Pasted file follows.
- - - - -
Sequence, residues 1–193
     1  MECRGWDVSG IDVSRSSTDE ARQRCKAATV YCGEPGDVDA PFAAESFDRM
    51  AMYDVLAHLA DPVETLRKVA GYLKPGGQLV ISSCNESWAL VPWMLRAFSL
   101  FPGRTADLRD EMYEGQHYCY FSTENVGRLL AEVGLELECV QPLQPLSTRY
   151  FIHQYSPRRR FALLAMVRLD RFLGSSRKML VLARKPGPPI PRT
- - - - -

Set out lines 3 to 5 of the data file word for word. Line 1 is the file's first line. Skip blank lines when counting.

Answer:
    51  AMYDVLAHLA DPVETLRKVA GYLKPGGQLV ISSCNESWAL VPWMLRAFSL
   101  FPGRTADLRD EMYEGQHYCY FSTENVGRLL AEVGLELECV QPLQPLSTRY
   151  FIHQYSPRRR FALLAMVRLD RFLGSSRKML VLARKPGPPI PRT